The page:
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Welcome to the technical sessions schedule for the 2015 SEAFWA Annual Meeting.

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Tuesday, November 3 • 1:00pm - 1:20pm
Using GPS Telemetry Data to Determine Roadways Most Susceptible to Deer-Vehicle Collisions

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David W. Kramer, Thomas Prebyl* –University of Georgia; James H. Stickles, Florida Fish and Wildlife Conservation Commission; Brian J. Irwin, U.S. Geological Survey, Georgia Cooperative Fish and Wildlife Research, University of Georgia; Nathan P. Nibbelink, Robert J. Warren, Karl V. Miller –University of Georgia

More than 1 million wildlife-vehicle collisions occur annually in the United States. The majority of these accidents involve white-tailed deer (Odocoileus virginianus), and result in >$4.6 billion in damage and >200 human fatalities. Prior research has used collision locations to assess site-specific as well as landscape features that contribute to risk of deer-vehicle collisions. As an alternative approach, we calculated road-crossing locations from data obtained from 25 GPS-instrumented white-tailed deer near Madison, Georgia (n=154,131 hourly locations). We identified crossing locations by creating movement paths between subsequent GPS points and then intersecting the paths with road locations. We were able to calculate the frequency of deer crossings at any point along a roadway. Using AIC model selection, we determined whether 10 local and landscape variables were successful at identifying areas where higher frequencies of deer crossings were likely to occur. Our findings indicate that traffic volume, distance to riparian areas, and the amount of forested area influenced the frequency of road crossings. Roadways that were predominately located in wooded landscapes and 200-300 meters from riparian areas were crossed frequently. Additionally, we found that areas of low traffic volume (i.e., county roads, etc.) had the highest frequencies of deer crossings. Analyses utilizing records of deer-vehicle collision locations cannot separate the relative contribution of deer crossing rates and traffic volume. Increased frequency of road crossings by deer in low-traffic, forested areas may lead to a greater risk of deer-vehicle collision than would be anticipated based upon traffic volume alone.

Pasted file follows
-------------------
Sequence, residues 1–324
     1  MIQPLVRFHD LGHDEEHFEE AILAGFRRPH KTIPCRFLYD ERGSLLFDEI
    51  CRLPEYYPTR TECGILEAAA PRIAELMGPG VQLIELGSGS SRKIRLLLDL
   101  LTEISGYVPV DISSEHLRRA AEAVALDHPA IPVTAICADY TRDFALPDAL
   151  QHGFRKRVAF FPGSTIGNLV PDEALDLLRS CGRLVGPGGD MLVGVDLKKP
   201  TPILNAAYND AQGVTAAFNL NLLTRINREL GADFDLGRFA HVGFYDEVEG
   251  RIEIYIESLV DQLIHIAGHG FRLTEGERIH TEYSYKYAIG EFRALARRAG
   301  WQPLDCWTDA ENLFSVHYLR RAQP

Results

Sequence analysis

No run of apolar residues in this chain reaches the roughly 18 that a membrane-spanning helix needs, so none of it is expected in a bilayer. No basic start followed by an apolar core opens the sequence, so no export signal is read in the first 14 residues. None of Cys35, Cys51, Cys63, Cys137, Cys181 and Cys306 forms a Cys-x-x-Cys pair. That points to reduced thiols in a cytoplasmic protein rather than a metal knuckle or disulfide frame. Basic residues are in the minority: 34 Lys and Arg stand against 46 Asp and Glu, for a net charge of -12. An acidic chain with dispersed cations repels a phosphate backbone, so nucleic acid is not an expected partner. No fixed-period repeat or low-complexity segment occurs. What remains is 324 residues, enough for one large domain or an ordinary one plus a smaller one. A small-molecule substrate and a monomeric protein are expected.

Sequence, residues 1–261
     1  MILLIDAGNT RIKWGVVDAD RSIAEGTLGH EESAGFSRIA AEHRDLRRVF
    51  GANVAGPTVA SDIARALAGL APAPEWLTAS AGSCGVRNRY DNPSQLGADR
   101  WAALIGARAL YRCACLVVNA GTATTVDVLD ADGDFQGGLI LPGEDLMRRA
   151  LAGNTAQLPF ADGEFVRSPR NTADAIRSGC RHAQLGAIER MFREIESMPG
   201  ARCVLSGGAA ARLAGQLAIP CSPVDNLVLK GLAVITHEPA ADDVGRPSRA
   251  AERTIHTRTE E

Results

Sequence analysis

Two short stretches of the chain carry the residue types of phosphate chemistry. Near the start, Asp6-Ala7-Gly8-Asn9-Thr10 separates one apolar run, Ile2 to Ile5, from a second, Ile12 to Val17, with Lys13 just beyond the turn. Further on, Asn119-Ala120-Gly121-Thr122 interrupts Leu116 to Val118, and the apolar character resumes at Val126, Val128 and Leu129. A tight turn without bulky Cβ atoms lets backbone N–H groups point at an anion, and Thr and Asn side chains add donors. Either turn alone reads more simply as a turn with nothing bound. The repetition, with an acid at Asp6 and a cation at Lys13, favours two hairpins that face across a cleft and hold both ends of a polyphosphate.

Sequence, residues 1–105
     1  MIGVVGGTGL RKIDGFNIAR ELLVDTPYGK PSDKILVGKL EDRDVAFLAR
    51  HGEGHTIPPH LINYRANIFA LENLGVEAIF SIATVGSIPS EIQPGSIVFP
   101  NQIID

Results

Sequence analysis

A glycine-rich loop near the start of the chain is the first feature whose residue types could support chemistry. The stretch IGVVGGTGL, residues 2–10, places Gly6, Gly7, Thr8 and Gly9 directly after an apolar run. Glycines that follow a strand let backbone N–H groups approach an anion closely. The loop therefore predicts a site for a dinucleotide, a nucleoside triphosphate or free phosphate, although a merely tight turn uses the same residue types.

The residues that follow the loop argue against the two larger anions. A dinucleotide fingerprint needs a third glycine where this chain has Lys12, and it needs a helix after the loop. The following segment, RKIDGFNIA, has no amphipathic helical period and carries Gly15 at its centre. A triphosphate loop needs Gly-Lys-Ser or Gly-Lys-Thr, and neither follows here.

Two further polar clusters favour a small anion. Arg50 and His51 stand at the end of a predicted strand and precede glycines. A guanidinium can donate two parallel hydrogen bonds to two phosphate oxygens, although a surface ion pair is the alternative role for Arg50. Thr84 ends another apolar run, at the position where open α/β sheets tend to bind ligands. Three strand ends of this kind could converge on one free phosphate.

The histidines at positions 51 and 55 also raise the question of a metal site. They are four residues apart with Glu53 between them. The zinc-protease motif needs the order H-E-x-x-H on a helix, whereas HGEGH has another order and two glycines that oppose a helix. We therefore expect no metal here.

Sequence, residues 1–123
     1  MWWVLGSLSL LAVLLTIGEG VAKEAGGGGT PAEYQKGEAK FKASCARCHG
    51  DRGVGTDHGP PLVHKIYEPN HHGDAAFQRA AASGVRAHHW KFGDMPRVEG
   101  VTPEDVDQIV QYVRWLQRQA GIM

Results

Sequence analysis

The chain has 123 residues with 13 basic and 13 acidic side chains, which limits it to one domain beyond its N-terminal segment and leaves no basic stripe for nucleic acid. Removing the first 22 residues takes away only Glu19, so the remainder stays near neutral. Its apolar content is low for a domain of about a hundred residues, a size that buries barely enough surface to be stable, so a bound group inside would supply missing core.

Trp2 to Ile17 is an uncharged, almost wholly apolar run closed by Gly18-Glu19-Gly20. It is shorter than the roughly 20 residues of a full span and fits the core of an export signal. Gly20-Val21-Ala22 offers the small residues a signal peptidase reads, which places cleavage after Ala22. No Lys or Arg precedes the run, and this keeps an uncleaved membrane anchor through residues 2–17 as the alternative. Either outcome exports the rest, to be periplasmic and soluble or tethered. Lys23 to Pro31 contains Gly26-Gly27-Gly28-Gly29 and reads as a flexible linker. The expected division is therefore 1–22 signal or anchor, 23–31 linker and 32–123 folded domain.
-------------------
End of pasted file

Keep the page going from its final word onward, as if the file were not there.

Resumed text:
Tuesday November 3, 2015 1:00pm - 1:20pm EST
Ballroom Salon A

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